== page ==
With four days to go before a key Iraqi deadline to account for any weapons programs, the Bush administration is ramping up its rhetoric against President Saddam Hussein.
But the path to possible war is not straight and unambiguous. Even as administration officials, including President Bush, renewed the case for war in speeches Monday, they continue to move in seemingly contradictory directions - saying the United States hasn't decided yet whether to go to war, while laying the groundwork for war.
The challenge for the White House's war cabinet, say former military strategists and Middle East experts, is to find that golden moment when all the pieces come together for a full-fledged war, if necessary, including agreement by a broad coalition of allies that war is the only option. A multitude of potential triggers for war lie ahead: Iraq could submit a weapons report in the next few days that is clearly false, or there could be a particularly egregious provocation in the Iraqi no-fly zone, or something could happen with the new weapons inspections.
"Obviously, there's a policy train wreck developing between the White House's necessary timeline, if there's going to be combat, and the timeline that's evolving with the UN inspections," says John Rothrock, former chief of intelligence planning for the Air Force.
In the most likely scenario, he says, the administration will have to seize upon some issue within the inspection process that will lead the White House to throw up its hands and conclude the inspections process is bankrupt.
"What that might be, I don't know, but they're going to have to seize upon something pretty quickly, at least within the next six weeks or so, if not sooner," Colonel Rothrock says, citing the importance of weather conditions in fighting a war in the Persian Gulf.
If the trigger for war looks flimsy, or if it appears the US is just going through the motions in trying to avoid war, Washington may have a hard time pulling together a broad coalition against Iraq.
But declaring regularly that war is not inevitable and that a decision for war has not been made, administration officials have made war planning more difficult, says Shibley Telhami, a Middle East expert at the University of Maryland.
"When a US envoy in Turkey is talking to Turks, or in Jordan talking to Jordanians, he can't quite be explicit about what the US needs from them, and can't be explicit about the exact nature of the planning that will be required after the war," Professor Telhami says. "That state of uncertainty, I think, is hindering the kind of cooperation that may be required."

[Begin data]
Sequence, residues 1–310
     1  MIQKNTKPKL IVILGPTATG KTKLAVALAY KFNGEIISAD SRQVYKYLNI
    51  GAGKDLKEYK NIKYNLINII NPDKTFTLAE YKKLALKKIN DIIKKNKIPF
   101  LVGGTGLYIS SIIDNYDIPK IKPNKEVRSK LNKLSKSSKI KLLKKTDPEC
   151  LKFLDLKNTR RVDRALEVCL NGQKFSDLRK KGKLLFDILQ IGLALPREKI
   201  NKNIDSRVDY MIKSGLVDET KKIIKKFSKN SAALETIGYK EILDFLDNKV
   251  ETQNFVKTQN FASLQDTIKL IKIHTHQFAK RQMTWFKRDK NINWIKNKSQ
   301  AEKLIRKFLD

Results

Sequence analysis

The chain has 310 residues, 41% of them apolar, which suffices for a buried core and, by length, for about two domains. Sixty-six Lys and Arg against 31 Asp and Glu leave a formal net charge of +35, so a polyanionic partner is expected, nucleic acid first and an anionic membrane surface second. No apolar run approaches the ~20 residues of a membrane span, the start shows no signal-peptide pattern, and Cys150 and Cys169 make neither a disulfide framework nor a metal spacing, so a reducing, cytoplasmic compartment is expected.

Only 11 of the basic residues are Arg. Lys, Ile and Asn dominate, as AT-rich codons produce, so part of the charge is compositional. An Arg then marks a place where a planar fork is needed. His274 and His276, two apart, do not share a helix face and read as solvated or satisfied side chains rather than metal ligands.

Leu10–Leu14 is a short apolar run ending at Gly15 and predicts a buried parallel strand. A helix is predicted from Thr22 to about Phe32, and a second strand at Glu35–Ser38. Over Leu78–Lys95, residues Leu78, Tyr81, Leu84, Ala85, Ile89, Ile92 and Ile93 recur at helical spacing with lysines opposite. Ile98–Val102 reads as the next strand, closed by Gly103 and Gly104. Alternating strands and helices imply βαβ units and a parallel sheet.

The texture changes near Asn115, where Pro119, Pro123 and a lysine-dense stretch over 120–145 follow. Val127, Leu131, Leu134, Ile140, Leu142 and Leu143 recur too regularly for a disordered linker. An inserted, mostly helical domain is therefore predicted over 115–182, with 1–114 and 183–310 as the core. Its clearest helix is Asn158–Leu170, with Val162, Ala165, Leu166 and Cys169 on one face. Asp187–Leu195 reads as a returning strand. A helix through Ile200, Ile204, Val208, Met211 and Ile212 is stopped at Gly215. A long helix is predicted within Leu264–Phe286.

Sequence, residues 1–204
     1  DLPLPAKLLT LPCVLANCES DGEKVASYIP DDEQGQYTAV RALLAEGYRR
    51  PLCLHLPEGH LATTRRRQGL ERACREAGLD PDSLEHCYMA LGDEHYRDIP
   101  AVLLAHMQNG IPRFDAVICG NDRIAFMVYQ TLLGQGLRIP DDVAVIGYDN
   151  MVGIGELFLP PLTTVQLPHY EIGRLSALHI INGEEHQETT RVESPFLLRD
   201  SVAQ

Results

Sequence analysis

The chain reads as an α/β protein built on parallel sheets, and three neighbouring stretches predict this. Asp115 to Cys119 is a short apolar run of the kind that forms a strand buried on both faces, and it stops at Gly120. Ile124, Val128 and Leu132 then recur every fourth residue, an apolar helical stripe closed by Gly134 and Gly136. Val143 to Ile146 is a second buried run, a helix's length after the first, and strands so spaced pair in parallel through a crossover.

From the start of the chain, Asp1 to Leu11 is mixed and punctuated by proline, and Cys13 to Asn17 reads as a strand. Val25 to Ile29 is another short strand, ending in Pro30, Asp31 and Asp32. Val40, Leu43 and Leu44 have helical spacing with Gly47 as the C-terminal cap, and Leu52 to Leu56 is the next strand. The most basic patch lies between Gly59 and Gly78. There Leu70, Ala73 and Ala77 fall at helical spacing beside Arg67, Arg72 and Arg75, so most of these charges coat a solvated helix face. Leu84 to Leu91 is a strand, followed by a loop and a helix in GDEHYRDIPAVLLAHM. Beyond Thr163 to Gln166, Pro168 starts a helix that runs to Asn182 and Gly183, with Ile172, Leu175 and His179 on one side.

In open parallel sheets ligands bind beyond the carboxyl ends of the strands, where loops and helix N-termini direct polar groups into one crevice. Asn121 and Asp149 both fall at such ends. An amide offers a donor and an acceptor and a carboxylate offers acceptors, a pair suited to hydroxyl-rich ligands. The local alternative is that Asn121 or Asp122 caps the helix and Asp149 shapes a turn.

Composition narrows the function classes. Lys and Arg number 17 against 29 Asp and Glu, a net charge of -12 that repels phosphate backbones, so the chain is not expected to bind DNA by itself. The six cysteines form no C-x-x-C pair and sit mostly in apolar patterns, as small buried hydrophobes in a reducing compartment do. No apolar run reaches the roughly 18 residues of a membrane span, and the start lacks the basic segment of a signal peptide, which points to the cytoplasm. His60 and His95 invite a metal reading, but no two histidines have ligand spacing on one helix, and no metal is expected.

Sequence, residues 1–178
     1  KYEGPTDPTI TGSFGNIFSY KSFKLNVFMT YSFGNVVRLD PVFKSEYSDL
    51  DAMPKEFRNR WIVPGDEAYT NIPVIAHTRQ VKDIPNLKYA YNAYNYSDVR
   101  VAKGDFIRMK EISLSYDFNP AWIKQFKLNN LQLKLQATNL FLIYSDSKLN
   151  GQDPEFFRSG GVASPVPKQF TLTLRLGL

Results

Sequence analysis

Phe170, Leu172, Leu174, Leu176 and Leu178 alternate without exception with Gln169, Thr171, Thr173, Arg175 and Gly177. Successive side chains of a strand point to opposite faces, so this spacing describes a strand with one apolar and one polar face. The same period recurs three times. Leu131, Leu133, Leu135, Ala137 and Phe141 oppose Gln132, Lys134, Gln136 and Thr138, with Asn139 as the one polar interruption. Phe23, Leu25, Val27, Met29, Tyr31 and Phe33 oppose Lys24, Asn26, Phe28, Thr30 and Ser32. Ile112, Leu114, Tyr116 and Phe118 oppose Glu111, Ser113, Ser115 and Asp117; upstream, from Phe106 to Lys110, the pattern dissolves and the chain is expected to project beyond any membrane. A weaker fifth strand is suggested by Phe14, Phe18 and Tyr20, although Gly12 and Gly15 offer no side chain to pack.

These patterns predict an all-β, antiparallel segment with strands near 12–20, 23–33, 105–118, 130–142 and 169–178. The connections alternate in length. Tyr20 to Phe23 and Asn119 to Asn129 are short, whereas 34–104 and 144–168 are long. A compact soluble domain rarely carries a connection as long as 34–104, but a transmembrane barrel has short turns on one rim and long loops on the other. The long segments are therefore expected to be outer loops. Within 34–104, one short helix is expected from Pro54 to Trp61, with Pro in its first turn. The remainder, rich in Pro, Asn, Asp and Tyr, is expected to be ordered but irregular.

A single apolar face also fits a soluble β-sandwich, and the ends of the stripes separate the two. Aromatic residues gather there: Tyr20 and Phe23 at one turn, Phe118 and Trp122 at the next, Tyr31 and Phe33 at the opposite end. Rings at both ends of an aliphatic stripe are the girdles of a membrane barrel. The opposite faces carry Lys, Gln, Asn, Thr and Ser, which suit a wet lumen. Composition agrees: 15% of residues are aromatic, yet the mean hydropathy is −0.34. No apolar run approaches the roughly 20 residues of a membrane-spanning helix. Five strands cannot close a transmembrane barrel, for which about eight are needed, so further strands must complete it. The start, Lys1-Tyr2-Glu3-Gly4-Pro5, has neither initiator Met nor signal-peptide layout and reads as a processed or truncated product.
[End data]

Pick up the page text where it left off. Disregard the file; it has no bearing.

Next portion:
At a certain point, analysts say, preparation equals war. US equipment is flowing into the Gulf; 60,000 US troops are in the region. If the president endorses the idea of moving in vastly larger numbers of troops in the 200,000-250,000 range, then momentum toward war becomes almost inexorable. Supporting that many troops in the region can't be sustained for long, and to pull them out without action would send a signal of weakness to President Hussein.
To some military analysts, the war has already started in a way, considering the amount of force that's moving into the region and the escalation of the air war between the US and Iraq in the no-fly zones.
"They're running [various] operations and now waiting for the trigger point at which they can open this up," says Larry Seaquist, a former Pentagon strategist. "There's nothing left but the tactical decisions," he continues, noting that there's still a 10 to 15 percent chance full war can be averted, if, for example, Hussein were to die or be overthrown in a coup.
Alliance-building is also proceeding apace this week.
Deputy Defense Secretary Paul Wolfowitz was in Ankara, Turkey, yesterday seeking agreement for the use of Turkish military bases in a second Gulf War.
Mr. Wolfowitz is also asking Turkey to pledge the use of its troops to police refugees or guard prisoners during a war.
Also yesterday, Wolfowitz, one of the administration's leading hawks, made remarks on BBC Radio about Iraq that were at once threatening and conciliatory.
While stating that war was not inevitable, he added that "our only hope of getting this problem resolved peacefully is to convince Saddam that it really is a brand-new ballgame and that if he doesn't cooperate in a way he has never cooperated before, it will mean the end of his regime."
On Monday, both President Bush and Vice President Cheney delivered speeches that defined Hussein's choices - disarm or be removed - in unequivocal language. Mr. Cheney went further by reviving speculation that there could be a link now or in the future between Iraq and Al Qaeda.
"That is why confronting the threat posed by Iraq is not a distraction from the war on terror," the vice president told a conference in Colorado of the Air National Guard leadership.